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Tigran Vartanovich Petrosian vs Samuel Reshevsky
Zurich Candidates (1953), Zurich SUI, rd 17, Sep-29
Formation: King's Indian Attack (A07)  ·  1/2-1/2
ANALYSIS [x]

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Kibitzer's Corner
Mar-27-12  Rick360: In his 1991 book "King's Indian Attack", Ken Smith maintains that "Iron" Tigran had a "definite positional plus" after 14.f4 and that he "chickened out" when GM Reshevsky offered a draw a few moves later.
Mar-28-12
Premium Chessgames Member
  offramp: The moves 22.h4, 23.f5 & 24.e6 are not the moves of a man who has "chickened out". After 28...e5


click for larger view

white might have accidentally transposed moves.
29.Nxh7 Kxh7 30.Bg5 looks strong.

Mar-28-12  King Death: Smith was a fine chess and poker player but his writing on chess wasn't always as good.

Like <offramp> mentions 29.Nh7 Kh7 30.Bg5 looks better for White. He can then play Rad1 and Ne4 with a nice long term positional plus.

Mar-28-12  SChesshevsky: <<Ken Smith maintains that "Iron" Tigran had a "definite positional plus" after 14.f4>>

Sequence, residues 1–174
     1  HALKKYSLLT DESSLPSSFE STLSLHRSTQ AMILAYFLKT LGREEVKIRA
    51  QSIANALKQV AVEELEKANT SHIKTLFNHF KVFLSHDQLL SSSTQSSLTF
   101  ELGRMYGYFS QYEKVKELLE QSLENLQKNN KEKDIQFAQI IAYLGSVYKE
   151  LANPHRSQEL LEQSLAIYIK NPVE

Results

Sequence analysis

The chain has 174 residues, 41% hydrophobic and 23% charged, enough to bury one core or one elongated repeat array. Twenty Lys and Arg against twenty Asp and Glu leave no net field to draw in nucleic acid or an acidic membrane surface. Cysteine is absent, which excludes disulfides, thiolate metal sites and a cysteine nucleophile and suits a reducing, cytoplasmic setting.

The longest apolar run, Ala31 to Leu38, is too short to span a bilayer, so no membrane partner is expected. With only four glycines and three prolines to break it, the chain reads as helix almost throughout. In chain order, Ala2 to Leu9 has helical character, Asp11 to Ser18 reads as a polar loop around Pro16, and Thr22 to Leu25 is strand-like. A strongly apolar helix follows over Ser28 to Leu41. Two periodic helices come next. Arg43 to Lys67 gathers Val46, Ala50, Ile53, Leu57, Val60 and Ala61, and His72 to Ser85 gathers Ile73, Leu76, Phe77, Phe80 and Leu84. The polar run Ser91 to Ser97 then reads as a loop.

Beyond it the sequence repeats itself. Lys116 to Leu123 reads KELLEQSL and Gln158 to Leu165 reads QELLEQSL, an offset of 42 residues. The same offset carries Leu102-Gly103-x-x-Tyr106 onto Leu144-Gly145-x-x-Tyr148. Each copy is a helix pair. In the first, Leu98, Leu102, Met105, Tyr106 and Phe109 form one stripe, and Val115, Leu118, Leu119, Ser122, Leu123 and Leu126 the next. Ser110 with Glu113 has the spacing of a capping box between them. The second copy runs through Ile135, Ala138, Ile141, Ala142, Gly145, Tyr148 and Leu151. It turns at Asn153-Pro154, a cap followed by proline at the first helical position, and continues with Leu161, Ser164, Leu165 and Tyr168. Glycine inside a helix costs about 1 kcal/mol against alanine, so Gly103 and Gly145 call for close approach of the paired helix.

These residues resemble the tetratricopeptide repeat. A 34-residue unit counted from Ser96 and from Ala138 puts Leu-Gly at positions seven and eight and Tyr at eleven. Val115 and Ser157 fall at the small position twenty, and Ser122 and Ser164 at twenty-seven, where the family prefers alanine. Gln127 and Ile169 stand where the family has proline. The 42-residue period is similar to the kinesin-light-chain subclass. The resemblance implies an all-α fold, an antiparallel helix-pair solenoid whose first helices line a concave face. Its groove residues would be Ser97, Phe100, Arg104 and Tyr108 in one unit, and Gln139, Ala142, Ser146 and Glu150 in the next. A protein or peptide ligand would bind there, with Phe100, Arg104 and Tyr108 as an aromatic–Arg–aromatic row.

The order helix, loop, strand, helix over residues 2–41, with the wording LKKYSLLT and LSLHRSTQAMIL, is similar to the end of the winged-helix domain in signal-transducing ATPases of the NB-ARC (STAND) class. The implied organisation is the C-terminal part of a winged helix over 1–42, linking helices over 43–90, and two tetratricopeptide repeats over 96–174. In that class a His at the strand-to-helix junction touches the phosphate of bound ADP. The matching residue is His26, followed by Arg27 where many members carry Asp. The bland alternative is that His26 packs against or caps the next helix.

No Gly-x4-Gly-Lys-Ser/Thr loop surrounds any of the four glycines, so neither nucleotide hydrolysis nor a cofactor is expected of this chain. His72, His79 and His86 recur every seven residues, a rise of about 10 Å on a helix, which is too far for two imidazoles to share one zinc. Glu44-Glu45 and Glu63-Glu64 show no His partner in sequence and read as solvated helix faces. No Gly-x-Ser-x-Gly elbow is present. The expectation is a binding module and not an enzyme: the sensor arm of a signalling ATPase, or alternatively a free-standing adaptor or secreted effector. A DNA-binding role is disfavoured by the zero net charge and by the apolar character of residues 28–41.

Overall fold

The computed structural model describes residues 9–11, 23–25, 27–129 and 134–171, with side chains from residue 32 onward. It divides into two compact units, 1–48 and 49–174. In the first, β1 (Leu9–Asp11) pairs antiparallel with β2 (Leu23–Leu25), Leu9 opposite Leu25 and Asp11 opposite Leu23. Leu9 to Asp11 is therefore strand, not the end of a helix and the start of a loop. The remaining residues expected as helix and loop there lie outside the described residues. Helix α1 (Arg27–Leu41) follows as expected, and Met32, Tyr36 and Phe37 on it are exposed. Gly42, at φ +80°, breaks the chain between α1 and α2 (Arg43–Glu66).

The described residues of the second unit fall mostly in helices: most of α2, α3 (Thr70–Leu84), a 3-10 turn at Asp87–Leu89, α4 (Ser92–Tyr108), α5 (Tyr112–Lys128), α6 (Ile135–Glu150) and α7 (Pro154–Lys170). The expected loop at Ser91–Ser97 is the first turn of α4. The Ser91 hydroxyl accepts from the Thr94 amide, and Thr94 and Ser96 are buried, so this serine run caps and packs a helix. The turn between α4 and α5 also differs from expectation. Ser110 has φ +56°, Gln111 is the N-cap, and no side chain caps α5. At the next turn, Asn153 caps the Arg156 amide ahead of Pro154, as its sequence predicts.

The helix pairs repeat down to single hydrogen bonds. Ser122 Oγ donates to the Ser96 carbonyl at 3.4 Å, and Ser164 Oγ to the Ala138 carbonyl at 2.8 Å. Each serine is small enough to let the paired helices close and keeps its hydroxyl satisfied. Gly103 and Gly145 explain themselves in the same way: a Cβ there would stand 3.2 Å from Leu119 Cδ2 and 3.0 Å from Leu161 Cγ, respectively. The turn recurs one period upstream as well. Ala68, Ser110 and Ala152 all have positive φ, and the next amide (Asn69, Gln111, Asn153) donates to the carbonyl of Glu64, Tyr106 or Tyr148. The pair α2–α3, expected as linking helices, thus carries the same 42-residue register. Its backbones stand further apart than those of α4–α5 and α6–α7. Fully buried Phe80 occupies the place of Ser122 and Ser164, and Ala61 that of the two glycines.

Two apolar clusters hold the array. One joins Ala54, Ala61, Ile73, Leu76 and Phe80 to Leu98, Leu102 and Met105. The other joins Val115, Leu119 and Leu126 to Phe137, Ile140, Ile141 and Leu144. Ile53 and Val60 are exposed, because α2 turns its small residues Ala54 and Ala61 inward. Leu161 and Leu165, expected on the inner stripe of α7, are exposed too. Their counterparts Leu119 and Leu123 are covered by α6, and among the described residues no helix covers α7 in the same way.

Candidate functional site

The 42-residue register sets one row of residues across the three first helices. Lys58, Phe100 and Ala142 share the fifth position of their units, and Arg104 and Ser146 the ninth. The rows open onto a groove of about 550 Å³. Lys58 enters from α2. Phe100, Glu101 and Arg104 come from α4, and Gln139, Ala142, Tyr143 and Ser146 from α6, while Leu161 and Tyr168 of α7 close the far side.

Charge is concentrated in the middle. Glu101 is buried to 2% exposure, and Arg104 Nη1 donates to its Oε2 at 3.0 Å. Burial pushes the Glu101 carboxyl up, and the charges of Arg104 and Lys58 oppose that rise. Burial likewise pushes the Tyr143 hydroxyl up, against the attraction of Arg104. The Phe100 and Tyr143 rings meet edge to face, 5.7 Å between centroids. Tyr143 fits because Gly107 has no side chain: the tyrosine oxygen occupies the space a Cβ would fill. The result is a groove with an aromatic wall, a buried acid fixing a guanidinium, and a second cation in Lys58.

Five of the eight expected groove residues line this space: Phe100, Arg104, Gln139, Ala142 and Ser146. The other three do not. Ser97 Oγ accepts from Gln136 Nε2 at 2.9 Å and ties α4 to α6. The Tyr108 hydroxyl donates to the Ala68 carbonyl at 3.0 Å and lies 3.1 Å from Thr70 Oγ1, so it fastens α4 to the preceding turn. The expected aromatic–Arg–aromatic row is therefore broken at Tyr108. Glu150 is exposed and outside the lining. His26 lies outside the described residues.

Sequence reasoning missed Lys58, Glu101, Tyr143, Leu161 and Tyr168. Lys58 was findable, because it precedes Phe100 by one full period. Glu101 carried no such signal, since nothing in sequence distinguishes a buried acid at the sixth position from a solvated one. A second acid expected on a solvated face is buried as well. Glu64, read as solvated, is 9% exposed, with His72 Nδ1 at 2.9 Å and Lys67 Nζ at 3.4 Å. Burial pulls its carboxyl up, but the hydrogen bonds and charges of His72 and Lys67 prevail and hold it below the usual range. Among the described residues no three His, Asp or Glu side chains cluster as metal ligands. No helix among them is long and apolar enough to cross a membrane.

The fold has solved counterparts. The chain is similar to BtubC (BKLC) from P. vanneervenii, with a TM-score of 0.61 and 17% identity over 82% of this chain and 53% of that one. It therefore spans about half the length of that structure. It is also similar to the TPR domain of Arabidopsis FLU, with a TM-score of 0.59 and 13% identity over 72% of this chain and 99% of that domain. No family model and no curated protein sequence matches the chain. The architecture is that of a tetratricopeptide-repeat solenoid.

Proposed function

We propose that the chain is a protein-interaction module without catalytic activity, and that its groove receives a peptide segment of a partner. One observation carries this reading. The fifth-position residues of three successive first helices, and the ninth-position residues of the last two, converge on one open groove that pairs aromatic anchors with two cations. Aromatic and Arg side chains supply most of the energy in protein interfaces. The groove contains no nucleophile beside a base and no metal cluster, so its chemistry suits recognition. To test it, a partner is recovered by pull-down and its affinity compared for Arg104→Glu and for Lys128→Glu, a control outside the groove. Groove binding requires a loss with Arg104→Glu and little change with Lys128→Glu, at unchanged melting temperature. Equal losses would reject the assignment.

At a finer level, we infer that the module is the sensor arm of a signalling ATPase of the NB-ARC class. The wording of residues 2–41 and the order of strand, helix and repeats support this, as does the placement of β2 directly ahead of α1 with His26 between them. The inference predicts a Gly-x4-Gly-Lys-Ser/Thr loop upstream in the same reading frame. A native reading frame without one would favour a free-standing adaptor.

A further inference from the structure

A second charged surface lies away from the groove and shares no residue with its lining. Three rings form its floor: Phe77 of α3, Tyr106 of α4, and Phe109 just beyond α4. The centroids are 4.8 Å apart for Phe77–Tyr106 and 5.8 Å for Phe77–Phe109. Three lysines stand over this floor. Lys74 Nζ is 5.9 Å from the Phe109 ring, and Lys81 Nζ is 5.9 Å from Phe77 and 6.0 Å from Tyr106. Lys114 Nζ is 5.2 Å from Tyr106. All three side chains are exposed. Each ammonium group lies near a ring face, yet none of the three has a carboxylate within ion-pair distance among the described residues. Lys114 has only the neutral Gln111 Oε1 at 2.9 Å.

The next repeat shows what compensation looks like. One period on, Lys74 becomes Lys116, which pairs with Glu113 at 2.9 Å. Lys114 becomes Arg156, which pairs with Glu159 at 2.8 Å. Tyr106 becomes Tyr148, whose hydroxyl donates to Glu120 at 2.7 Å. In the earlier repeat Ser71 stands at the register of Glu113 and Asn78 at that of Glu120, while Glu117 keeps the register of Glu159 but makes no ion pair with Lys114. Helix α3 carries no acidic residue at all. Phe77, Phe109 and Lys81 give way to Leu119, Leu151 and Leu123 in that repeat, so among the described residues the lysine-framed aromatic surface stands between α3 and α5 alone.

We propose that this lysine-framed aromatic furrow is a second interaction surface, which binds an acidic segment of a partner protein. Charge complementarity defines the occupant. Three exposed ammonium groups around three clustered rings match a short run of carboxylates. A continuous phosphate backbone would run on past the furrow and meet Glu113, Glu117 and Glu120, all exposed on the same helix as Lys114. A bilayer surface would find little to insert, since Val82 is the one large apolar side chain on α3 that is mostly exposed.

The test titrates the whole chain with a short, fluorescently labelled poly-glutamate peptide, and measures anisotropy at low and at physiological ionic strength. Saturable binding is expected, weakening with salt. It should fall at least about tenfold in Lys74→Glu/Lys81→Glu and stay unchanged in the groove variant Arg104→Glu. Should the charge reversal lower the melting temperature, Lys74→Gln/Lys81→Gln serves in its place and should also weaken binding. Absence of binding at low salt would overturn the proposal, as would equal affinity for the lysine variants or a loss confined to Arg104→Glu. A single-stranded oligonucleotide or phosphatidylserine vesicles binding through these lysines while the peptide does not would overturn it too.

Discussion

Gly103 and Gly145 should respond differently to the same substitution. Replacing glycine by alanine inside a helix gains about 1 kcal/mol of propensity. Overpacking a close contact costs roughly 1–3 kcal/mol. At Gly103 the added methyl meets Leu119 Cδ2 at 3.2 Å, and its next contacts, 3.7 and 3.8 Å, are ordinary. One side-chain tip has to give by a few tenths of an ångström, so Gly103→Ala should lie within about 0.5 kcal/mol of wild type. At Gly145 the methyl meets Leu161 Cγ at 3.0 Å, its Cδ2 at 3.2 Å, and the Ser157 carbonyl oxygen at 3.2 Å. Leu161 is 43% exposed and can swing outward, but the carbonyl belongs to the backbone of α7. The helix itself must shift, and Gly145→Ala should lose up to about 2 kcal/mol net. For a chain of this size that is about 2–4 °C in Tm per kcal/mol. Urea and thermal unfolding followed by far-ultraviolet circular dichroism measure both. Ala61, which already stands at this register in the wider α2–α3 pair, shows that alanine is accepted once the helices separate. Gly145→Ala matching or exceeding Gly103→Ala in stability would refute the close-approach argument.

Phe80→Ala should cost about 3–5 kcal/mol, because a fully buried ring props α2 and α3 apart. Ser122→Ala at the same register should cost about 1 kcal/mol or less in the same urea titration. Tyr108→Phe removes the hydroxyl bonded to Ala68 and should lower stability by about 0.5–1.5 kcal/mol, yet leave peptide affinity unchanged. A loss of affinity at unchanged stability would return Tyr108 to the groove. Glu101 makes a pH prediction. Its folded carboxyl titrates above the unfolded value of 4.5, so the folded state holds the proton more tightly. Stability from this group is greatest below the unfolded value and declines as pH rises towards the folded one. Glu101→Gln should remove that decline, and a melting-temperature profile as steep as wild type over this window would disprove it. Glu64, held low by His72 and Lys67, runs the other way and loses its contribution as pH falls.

I don't really see any White advantage.

It looks to me like White's QB still has the common KIA cramp problem, his N's still have to untangle and his e pawn and King look vulnerable.

While Black's c pawn is trouble, his King looks safe enough, his Rooks look ready to go especially on the d-file and the QB looks to have good play on the a6 or c6 diagonals.

If I had to guess, I'd think Petrosian wasn't that happy with his position after 14. f4

Mar-28-12  SimonWebbsTiger: Bronstein assessed white's position as "somewhat superior" after 14. f4 in his book of Zurich 1953.

Davik mentioned too that white's next task was to regroup his pieces and that he is helped in this because black has no active plan.

The comment after 1/2-1/2 was that white is far superior as a queen exchange exposes the black pawns to attack whilst with queens on, the black king is in danger.

Mar-29-17  cwcarlson: 27.Bf4 covering e5 was better.
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